During that time, Fultz was deteriorating. A small hitch had already developed. He described it as someone was holding his arms down while he was trying to lift them up. But when Brett Brown asked Williams about it, he told him, "It's mental, Brett." Coach Brown took it upon himself to fix his shooting. However, his methods were proven unsuccessful, as the tension in the organization was growing.

”I remember getting a phone call, and Marc Eversley is at my ass. He said, 'Keith, this is not the f***** kid we drafted. What the f*** is going on?'”

Keith Williams, Tanking to the Top

Even the relationship between Fultz and Brown deteriorated. It got pretty ugly after Brown went on ESPN and said that Fultz was dealing with "some psychosomatic issues involved with getting over the hump." Fultz wasn't happy with it, as it seemed that the whole player-coach dynamic was ruined.

Fultz's hail Mary was his workouts with Drew Hanlen, the skills coach who also worked with Embiid. Despite Hanlen hyping up his progress on social media, it didn't end with a positive outcome. In fact, Drew was the last person close to Fultz to describe his shooting difficulties as something beyond a physical injury.

“Markelle, obviously, he had one of the most documented cases of kind of the yips of basketball in recent years where he completely forgot how to shoot and had multiple hitches in his shot.”

Drew Hanlen, Tanking to the Top

Markelle's career with the Sixers ended after two years, as he was dealt to the Orlando Magic. While still being in PA, Fultz's visited around ten shoulder specialists, none affiliated with the Sixers, and was eventually diagnosed with a nerve disorder called thoracic outlet syndrome. He was set to miss three to six weeks, but by that time, the Sixers were already over him. They've already decided it was time to move on.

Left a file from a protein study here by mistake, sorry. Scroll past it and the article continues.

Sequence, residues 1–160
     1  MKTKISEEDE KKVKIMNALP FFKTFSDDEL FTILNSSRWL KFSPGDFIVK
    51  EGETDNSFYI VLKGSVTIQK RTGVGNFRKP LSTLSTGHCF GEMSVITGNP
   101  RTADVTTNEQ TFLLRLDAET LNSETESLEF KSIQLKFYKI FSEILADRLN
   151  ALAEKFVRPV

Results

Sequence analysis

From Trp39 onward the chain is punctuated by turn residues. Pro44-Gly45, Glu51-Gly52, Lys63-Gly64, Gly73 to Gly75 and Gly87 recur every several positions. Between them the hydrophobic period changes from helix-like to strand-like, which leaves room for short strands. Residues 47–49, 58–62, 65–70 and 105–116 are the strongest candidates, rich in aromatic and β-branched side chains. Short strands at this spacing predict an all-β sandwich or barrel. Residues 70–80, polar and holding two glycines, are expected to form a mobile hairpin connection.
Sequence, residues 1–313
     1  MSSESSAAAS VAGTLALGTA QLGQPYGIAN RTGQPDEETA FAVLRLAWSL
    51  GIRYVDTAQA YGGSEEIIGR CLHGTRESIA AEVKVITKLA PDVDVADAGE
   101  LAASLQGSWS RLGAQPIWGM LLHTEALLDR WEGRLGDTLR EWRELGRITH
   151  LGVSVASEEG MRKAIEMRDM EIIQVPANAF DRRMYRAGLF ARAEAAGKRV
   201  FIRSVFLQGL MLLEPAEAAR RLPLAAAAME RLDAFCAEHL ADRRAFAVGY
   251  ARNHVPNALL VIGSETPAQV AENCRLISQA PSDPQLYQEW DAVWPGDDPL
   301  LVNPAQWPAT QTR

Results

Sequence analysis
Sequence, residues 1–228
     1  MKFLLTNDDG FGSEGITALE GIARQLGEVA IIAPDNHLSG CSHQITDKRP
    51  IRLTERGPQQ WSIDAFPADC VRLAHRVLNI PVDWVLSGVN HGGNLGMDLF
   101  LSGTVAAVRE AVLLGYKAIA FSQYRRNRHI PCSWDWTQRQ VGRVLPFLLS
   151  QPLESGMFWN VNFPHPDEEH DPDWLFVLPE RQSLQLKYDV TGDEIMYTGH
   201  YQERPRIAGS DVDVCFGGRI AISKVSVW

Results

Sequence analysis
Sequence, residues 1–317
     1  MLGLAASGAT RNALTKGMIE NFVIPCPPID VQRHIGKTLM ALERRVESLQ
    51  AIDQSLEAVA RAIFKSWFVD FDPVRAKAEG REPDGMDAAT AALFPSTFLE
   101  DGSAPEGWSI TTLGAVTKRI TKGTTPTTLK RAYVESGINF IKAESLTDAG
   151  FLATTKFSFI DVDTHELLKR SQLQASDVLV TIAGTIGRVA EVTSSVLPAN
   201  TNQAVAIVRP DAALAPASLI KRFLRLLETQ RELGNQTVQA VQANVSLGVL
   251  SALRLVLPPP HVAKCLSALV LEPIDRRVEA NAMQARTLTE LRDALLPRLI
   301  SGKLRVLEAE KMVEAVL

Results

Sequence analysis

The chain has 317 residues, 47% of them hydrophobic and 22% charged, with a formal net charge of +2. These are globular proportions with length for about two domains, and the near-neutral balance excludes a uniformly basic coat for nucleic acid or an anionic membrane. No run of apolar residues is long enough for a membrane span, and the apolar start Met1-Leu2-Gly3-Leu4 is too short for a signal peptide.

Fultz has had a solid season with the Magic. He's only missed one out of 65 games and had seen starting minutes in most of them. Fultz is averaging 12.1/3.3/5.2 and is finally finding his groove in the league. His jumper isn't as smooth as before entering the NBA, but it's useable. The most important thing is that he's getting more comfortable out there, and I still wouldn't write him off on having a good NBA career.

As far as mysterious injury/yips goes, it's hard to detect one as the main problem. I think it was a combination of both. He obviously had some health problems, to begin with, but he would've dealt with those much earlier if his head was in the right place. The combination of being drafted to the unwanted city, his mother trying to have too much control over her son, and the pressure of playing on the biggest basketball stage in the world got the best of him. He couldn't cope with it all.

But it's still not over. In fact, it has only begun. He will hardly live up to the expectations of being the number one pick. But the good thing, he almost doesn't have to anymore. He is in a new city, in front of new fans, and it seems he's in a much better place mentally. It's time for a new beginning for Fultz.